I just read over that chapter. I only see where circulation affects the trailing edge. The drawings (which don't mean a lot) only show the rear stagnation point moving to the trailing edge...my book shows the forward stagnation point in the same place. Furthermore, the text mentions a change in the rear stagnation point, but makes no mention of a change to the forward one.

I don't recall studying anything that mentions a change in the forward stagnation point. Do you have a more specific reference in this regards?
 

tgrayson

New Member
I only see where circulation affects the trailing edge. The drawings (which don't mean a lot) only show the rear stagnation point moving to the trailing edge...my book shows the forward stagnation point in the same place. Furthermore, the text mentions a change in the rear stagnation point, but makes no mention of a change to the forward one.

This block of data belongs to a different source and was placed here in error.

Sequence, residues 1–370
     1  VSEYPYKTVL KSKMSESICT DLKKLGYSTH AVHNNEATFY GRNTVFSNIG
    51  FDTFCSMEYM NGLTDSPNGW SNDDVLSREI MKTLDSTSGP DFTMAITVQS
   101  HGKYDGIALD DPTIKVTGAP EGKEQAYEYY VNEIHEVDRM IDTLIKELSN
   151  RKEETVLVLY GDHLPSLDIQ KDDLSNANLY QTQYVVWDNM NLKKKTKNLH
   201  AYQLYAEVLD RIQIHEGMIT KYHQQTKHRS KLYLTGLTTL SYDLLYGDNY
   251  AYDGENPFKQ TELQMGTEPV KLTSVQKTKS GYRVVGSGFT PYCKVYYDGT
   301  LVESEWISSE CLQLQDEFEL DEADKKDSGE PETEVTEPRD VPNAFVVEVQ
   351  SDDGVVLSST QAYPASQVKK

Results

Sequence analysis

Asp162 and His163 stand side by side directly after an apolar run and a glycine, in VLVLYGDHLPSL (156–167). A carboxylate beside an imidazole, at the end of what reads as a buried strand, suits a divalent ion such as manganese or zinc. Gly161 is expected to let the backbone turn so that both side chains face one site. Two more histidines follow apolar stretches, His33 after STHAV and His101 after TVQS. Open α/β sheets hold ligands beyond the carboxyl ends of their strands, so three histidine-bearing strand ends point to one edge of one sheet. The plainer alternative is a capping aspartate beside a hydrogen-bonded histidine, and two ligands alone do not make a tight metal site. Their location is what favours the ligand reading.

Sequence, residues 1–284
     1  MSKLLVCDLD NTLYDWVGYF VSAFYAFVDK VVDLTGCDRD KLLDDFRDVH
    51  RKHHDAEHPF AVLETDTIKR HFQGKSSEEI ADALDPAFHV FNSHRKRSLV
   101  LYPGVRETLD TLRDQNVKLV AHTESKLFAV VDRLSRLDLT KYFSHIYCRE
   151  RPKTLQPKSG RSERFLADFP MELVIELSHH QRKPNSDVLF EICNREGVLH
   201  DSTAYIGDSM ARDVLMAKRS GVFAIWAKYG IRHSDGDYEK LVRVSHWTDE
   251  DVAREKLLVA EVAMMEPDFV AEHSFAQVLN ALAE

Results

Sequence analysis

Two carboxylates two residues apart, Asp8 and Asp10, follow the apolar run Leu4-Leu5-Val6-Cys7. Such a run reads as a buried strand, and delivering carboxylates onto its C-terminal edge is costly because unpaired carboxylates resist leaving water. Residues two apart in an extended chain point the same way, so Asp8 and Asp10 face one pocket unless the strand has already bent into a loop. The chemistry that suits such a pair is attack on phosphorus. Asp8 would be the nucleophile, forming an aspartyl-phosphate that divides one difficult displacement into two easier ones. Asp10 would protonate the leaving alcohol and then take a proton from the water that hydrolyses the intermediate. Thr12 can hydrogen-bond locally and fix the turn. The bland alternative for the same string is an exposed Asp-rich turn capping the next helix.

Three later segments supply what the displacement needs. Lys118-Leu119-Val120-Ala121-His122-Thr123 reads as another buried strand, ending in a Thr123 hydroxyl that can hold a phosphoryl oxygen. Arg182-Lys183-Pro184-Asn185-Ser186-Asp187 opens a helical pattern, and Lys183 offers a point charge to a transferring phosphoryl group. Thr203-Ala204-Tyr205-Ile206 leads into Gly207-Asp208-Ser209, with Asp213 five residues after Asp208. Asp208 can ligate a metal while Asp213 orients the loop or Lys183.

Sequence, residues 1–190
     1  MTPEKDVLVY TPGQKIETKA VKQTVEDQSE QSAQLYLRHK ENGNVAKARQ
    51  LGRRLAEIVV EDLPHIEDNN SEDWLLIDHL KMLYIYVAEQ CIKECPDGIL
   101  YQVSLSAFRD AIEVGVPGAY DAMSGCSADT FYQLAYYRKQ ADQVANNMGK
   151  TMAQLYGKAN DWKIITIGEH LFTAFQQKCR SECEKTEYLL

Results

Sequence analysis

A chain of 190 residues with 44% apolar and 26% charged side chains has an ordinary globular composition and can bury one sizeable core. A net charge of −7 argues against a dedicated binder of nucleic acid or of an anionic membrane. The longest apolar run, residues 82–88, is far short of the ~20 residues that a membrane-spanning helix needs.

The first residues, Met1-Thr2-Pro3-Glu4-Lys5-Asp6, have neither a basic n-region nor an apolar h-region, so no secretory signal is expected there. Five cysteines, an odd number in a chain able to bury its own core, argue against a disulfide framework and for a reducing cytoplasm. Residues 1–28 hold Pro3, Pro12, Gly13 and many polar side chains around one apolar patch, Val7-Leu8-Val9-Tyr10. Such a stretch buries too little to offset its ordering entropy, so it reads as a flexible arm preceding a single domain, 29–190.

I don't know if Carpenter explicitly mentions it (others do), but look at his diagram on page 169, where he has the splitter plate. Where he puts it on the rear of the cylinder clearly shows the leading edge stagnation point below the midpoint of the cylinder. Same thing for the magnus effect cylinder on page 165.

In my book "Fluid Mechanics" it says:

Figure 15.9 shows the irrotational flow pattern around an airfoil for increasing values of clockwise circulation. For gamma = 0, there is a stagnation point A located just below the leading edge and a stagnation point B on the top surface near the trailing edge. When some clockwise circulation is superimposed, both stagnation points move slightly down.
Note that Carpenter does say explicitly that without circulation, no lift occurs, which shows that the continuity equation and Bernoulli alone cannot do it.
 

B767Driver

New Member
In my book "Fluid Mechanics" it says:

Figure 15.9 shows the irrotational flow pattern around an airfoil for increasing values of clockwise circulation. For gamma = 0, there is a stagnation point A located just below the leading edge and a stagnation point B on the top surface near the trailing edge. When some clockwise circulation is superimposed, both stagnation points move slightly down.